This employment I considered as the only satisfaction I could offer to the memory of your unfortunate mother, and I flatter myself that if she could look down, it would give her angelic mind pleasure even in paradise, to behold me instilling into the minds of her children, sentiments congenial with her own.
The reader cannot but judge of the irksomeness of this situation to a mind like mine, in being daily exposed to new hardships and impositions, after having seen many better days, and been as it were, in a state of freedom and plenty; added to which, every part of the world I had hitherto been in, seemed to me a paradise in comparison of the West Indies.
And at this point, also, begins the pilot’s paradise: a wide river hence to New Orleans, abundance of water from shore to shore, and no bars, snags, sawyers, or wrecks in his road.
1968, Bessie Head, When Rain Clouds Gather, New York: Simon & Schuster, 1969, Chapter 8, p. 114,
“Each household will have to have a tap with water running out of it all the year round,” he said. “And not only palm trees, but fruit trees too and flower gardens. It won’t take so many years to turn Golema Mmidi into a paradise. […]”
The translations below need to be checked and inserted above into the appropriate translation tables, removing any numbers. Numbers do not necessarily match those in definitions. See instructions at Wiktionary:Entry layout#Translations.
1652, Edward Benlowes, Theophila, or, Loves Sacrifice, London: Henry Seile and Humphrey Moseley, Canto 7, stanza 81, p. 105,
Yet dy’dst THOU not, but that (Spîrit quickned) free
THOU might’st Saints Paradised see,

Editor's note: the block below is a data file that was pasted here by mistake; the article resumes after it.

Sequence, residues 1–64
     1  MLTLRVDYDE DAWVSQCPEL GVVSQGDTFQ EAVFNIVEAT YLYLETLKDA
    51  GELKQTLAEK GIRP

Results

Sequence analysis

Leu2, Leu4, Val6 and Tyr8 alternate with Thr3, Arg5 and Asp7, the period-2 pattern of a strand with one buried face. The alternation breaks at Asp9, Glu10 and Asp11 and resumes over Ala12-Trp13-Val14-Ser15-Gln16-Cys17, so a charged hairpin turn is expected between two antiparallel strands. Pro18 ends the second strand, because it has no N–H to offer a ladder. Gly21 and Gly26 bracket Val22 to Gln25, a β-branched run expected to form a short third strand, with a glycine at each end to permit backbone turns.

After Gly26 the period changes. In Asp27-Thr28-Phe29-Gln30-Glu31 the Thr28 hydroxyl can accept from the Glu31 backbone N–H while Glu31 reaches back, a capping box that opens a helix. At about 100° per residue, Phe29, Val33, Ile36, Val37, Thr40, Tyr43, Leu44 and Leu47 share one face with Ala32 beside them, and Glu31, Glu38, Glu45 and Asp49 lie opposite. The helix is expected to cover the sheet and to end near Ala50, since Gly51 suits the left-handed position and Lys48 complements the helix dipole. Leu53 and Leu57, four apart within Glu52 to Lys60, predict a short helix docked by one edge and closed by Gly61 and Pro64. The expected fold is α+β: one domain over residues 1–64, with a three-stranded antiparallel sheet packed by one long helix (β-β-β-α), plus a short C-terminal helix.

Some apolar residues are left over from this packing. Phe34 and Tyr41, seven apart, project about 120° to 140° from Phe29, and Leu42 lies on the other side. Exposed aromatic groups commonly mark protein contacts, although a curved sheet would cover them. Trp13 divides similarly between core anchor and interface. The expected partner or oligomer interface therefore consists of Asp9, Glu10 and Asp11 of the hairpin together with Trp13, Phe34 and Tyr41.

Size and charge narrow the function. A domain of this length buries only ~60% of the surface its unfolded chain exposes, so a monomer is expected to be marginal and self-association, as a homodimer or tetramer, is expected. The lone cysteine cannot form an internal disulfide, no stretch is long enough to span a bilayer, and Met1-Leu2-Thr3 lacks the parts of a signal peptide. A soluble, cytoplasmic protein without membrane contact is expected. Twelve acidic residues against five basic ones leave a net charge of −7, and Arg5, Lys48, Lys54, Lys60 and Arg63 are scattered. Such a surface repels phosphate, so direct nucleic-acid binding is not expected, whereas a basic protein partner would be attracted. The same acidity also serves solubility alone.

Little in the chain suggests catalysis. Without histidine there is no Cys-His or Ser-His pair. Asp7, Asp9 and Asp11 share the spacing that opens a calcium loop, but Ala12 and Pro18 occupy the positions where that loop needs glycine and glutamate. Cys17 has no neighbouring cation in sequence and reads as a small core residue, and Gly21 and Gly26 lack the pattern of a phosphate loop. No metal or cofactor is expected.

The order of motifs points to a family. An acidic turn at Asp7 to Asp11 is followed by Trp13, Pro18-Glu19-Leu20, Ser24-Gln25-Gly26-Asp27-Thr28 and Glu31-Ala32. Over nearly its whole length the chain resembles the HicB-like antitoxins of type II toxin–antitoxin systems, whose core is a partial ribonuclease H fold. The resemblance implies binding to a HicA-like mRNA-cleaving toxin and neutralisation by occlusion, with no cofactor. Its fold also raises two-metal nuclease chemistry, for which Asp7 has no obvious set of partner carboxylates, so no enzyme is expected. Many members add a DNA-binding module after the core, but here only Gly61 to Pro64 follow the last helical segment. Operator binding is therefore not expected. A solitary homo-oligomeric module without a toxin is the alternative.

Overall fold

Rejoyc’d Assurance give to Them rejoyc’d in THEE!
1763, uncredited translator, “An Epistle of M. de Voltaire, upon his arrival at his estate near the Lake of Geneva, in March, 1755” in Francis Fawkes and William Woty (eds.), The Poetical Calendar, London: J. Coote, Volume 12, p. 48,
[…] come all the daintieſt dainties of this toungue, and doe homage to your verticall ſtarre, that hath all the ſoveraine influences of the eloquent and learned conſtellations at a becke, and paradiſeth the earth with the ambroſiall dewes of his incomprehenſible witt!
1613, Thomas Heywood, “Epithalamion” in A Marriage Triumphe Solemnized in an Epithalamium, London: Edward Marchant,
She enters with a sweet commanding grace,
Her very presence paradic’d the place:
1828, Ann Willson, letter to her brother, in Familiar Letters of Ann Willson, Philadelphia: Wm. D. Parrish & Co., 1850, pp. 84-85,
Then let us individually aim at paradising the world, and these efforts, though feeble, would doubtless be blessed to ourselves […]
(obsolete, rare) To affect or exalt with visions of happiness.
1606, John Marston, Parasitaster, or The Fawn, London: W. Cotton, Act IV,#*: O we had first some long fortunate greate Politicians that were so sottishlie paradized as to thinke when popular hate seconded Princes displeasure to them, any vnmerited violence could seeme to the world iniustice,
^ A Glossary of Terms used in Grecian, Roman, Italian, and Gothic Architecture, Oxford: John Henry Parker, 4th edition, enlarged, 1845, p. 270: “PARADISE. A small private apartment or study; also the garden of a convent: the name was likewise sometimes given to an open court, or area in front of a church, and occasionally to the cloisters, and even to the whole space included within the circuit of a convent.”